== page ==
Sudbrook continued, “The other guys, the majority of them will be able to go on and take graduate classes and take another year.”
Another concern for the veteran manager who has spent 33 seasons at St. Bonaventure is scholarships. As part of the decision, the NCAA is allowing colleges and universities to decide whether to grant seniors in spring sports less or equal financial aid if they opt to take the extra year of eligibility.
“You can't give them any more scholarship aid than they were previously.” Sudbrook said. “You can give them less, or you can give them zero, but you can’t give them more. For some kids who maybe weren’t planning on getting a master’s degree, they may not be able to because of the financial part. Unlike in basketball or football, our guys, even the guys getting the most scholarship aid, nobody is on a full ride.”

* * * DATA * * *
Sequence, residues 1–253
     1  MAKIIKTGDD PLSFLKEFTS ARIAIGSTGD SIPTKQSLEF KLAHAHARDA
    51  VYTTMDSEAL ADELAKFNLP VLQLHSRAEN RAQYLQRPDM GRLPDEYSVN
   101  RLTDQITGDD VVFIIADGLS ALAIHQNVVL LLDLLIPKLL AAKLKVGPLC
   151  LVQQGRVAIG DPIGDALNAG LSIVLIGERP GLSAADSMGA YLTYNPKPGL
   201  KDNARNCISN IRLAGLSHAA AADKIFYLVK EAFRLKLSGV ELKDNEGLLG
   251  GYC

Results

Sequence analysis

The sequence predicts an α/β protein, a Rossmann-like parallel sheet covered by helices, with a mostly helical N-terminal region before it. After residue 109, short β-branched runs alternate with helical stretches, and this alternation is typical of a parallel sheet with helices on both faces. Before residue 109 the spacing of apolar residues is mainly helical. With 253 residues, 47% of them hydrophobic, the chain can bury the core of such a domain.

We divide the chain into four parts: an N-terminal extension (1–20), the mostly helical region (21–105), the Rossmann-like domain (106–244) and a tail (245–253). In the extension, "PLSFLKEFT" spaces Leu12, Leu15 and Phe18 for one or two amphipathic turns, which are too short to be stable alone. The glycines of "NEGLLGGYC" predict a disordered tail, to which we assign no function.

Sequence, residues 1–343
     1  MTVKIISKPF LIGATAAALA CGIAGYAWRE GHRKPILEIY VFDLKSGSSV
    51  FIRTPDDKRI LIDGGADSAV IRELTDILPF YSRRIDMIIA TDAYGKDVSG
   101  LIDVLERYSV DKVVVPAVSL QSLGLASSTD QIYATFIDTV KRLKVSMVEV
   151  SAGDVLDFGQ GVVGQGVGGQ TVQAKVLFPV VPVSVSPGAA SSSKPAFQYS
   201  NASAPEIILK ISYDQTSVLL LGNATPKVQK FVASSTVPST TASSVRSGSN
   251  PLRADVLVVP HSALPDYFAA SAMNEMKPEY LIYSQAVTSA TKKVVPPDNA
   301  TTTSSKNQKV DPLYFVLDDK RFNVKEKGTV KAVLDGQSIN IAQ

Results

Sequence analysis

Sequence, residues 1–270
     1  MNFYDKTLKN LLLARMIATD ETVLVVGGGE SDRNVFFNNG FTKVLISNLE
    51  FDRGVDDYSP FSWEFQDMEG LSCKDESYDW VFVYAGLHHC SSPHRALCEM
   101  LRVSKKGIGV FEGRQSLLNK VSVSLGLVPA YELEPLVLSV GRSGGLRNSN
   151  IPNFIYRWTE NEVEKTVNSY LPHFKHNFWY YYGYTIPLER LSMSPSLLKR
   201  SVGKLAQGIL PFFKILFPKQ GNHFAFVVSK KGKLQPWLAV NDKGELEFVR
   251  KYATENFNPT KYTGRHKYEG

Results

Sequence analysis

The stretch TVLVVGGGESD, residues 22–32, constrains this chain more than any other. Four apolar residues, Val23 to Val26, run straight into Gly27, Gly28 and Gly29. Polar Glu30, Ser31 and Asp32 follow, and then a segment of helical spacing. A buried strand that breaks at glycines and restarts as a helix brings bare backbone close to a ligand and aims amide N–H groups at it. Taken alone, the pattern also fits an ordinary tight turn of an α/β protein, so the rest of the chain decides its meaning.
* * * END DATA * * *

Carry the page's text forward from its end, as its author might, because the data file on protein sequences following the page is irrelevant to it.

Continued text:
On April 1, Mike Threehouse, head coach of the St. Bonaventure softball team, expressed similar sentiments.
“I am kind of disappointed that the NCAA passed the buck off to the schools,” Threehouse said. “St. Bonaventure is one of those smaller schools, so when you look at the numbers, you worry about being able to afford it. I am hoping that the vast majority of schools throughout the country decide to do the right thing. None of this is going to be perfect. We’re going through a really, really tough time.”
Unlike Sudbrook, however, Threehouse does not expect any of his five seniors to return for an extra year of eligibility. He does suspect, however, that some of his younger players will take the extra year.
Threehouse added he has the lowest scholarship budget in the Atlantic 10 Conference and budgets scholarship money three to four years in advance.